Pacific Imperial Railroad, the company that leases the binational track — also known as the Desert Line — from San Diego's Metropolitan Transit System, is in financial peril and has been for some time.
According to business records obtained from the State of Delaware, where Pacific Imperial Railroad is registered, the company has failed to pay annual taxes for two years, now owing $267,794 in back taxes. The document lists the company's current status as "a corporation that has not filed the required annual report and there are delinquent taxes due."
The tax-debt revelation is the latest in what has been a rough couple of months for the company, its principals, and for Metropolitan Transit System officials.
During that time, allegations that the railroad is nothing more than a vehicle for investment fraud have appeared in press reports and at monthly transit-board hearings. In addition to the alleged fraud, information regarding a $1.6 million penalty for transporting marijuana from Mexico in 2010 has come to light. Combined with the lack of progress in getting the railroad operational, all these factors have prompted congressman Duncan Hunter to get involved.
During the past month, Hunter has written multiple letters to Metropolitan Transit System CEO Paul Jablonski, asking for reasons why Metropolitan Transit System thought it was in the public's best interest to award a railroad company with nearly no railroad experience a 99-year-lease. The congressman also asked about allegations of fraud and a potential financial scam by the company's top shareholders.
But Jablonski has continued to back the company and the lease.
In a July 29 letter published in the U-T, Jablonski fired back, dismissing Hunter's concerns and asking for the source of his information.
"The [Metropolitan Transit System board of directors] reaffirmed their support for the contract with [Pacific Imperial Railroad] and [our] management of this asset," Jablonski wrote. "[Metropolitan Transit District] is closely monitoring compliance with the contract and will continue to do so. [Metropolitan Transit District's] interest in seeing the project succeed and fulfilling [its] contractual obligations."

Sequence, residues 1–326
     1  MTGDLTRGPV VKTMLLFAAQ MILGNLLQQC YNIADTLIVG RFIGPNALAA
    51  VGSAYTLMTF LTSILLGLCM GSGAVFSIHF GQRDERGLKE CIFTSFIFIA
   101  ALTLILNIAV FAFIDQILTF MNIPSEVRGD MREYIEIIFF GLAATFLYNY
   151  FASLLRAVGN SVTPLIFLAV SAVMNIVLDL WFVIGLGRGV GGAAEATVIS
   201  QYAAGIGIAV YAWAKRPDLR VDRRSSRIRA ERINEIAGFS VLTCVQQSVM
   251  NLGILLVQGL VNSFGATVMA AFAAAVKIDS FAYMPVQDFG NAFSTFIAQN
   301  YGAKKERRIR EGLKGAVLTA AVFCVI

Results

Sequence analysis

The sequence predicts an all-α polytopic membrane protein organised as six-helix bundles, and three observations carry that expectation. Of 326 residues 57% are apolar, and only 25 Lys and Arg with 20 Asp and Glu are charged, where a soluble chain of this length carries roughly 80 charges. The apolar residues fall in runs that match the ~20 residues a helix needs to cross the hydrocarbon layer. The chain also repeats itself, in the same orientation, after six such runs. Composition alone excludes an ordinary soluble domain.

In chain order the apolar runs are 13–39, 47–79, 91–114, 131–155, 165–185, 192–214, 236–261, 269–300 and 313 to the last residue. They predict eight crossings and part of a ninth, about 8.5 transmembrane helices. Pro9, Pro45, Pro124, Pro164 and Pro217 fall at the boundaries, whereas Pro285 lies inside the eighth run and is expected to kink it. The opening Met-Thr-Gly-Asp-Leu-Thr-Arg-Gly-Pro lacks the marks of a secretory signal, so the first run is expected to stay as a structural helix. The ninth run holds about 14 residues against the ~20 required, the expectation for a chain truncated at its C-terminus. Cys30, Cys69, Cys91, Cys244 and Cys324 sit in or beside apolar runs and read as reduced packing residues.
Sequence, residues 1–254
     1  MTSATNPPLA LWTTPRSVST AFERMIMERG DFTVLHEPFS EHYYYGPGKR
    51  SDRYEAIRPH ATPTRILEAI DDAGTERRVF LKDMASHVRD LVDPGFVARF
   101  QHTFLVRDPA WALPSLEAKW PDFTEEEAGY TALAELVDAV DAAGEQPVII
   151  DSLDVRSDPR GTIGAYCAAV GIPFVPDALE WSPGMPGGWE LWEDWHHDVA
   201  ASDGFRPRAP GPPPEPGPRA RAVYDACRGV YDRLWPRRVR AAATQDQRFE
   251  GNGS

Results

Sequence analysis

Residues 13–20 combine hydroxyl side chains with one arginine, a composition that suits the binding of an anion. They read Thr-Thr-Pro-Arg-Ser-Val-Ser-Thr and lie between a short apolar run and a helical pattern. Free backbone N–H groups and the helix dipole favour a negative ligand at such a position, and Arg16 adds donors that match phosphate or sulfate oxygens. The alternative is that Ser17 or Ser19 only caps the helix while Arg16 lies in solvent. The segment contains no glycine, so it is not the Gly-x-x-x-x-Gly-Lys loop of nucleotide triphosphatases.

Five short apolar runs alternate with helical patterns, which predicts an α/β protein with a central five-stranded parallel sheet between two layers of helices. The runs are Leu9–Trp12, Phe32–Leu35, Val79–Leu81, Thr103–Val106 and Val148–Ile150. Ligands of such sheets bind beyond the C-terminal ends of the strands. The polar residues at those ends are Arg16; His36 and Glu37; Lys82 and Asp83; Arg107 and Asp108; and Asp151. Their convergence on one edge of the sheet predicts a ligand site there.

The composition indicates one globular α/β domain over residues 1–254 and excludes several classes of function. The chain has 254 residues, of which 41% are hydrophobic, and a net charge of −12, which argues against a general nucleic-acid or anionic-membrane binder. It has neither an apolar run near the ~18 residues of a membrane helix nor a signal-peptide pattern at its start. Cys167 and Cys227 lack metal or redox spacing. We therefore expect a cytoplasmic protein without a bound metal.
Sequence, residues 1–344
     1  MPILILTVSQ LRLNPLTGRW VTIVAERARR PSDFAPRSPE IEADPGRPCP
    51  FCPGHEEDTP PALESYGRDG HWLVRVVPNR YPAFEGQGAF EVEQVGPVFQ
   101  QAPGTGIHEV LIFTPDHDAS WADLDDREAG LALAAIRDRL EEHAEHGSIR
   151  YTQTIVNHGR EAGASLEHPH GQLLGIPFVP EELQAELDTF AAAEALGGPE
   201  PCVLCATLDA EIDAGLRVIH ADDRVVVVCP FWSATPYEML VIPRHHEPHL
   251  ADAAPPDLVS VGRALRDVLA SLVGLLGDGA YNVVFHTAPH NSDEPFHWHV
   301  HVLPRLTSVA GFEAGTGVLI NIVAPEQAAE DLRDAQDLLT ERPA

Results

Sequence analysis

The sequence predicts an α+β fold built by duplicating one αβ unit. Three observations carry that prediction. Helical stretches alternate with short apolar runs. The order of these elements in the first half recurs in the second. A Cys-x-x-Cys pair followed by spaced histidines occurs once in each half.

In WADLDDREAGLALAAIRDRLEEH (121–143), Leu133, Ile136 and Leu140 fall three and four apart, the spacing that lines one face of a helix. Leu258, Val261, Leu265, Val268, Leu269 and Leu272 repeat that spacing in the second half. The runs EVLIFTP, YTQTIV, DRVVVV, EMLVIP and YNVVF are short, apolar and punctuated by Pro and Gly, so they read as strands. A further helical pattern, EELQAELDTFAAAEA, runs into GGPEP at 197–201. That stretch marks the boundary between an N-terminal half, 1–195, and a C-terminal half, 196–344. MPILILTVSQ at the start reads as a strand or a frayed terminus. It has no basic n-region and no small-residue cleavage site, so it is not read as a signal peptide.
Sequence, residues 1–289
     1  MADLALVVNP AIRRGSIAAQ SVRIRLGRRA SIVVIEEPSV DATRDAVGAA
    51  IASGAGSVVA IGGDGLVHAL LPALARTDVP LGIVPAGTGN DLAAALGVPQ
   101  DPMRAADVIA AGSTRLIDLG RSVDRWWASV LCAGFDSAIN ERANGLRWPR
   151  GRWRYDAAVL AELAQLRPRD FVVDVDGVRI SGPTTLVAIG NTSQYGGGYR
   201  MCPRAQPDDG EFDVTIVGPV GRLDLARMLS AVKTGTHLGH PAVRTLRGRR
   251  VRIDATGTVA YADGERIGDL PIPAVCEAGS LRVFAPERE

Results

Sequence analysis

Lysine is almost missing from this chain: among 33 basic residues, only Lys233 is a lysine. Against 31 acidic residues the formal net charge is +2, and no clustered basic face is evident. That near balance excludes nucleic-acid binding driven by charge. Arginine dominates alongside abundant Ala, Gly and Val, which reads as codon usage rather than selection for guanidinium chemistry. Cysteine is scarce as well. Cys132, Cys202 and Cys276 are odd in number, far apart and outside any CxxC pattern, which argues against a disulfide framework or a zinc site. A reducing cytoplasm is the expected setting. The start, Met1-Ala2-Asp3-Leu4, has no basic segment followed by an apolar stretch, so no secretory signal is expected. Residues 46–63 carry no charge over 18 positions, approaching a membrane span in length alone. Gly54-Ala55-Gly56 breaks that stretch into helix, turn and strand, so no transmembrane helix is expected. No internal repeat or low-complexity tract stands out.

As for the $267,794 in taxes owed to the State of Delaware, Pacific Imperial Railroad's president Donald Stoecklein says the number is all wrong.
"It is an assessment by Delaware in the event you choose not to file your annual report and your franchise tax filing based on your authorized shares," said Stoecklein in a voice mail. "Clearly, we would file on our authorized shares which would make our payments about $300 not $267,000."
Stoecklein, however, did not respond to the fact that according to state business records, Pacific Imperial Railroad has 510 million authorized shares, which were included in the company's certificate of incorporation as well as the four stock designations filed during the past two years.
From Delaware's official website: "Every corporation that authorizes shares of stock in their certificate of incorporation or subsequent amending documents has an annual tax assessed on those authorized shares. This field reflects the tax assessment for the current tax year."
A spokesperson for Metropolitan Transit System says the agency was not made aware of the back taxes nor is there a policy in place requiring contractors to report any tax liens or debts.
"[Metropolitan Transit System] does not have a formal policy about contractors who do not pay taxes. Contractors and lessees are expected to remain in good standing and be eligible to do business in the states where they operate. [The agency] has referred this matter to [Pacific Imperial Railroad] to resolve."
Massive tax debt is not a new problem for the railroad. In July 2013, a federal tax court ordered former president of Carrizo Gorge Railway (Pacific Imperial Railroad's predecessor) and current self-proclaimed "consiglieri" to the railroad, Charles McHaffie, to pay $359,148 in unpaid taxes plus interest. According to the judgement, the harsh penalty was handed down due to McHaffie's "repeated failure to comply with court orders and participate in the discovery process."
"It appears this is the way [Pacific Imperial Railroad] does business and its unsettling,” Joe Kasper, Congressman Hunter’s spokesman. “What’s no less confusing is that questionable practices and patterns don’t seem to matter to [Metropolitan Transit District] — and that is truly frightening.”
Kasper says Hunter will continue to look into the matter.
"If [Metropolitan Transit System] really thinks none of that matters, then taxpayers have good reason to suspect that [the transit agency], regardless of whether it knows it or not, could be complicit in perpetuating a fraud. At this point, the next step is to meet with federal authorities from various agencies to determine the best way to proceed to ensure the right light is shined on this situation. The only suitable outcome at this point is termination of the lease."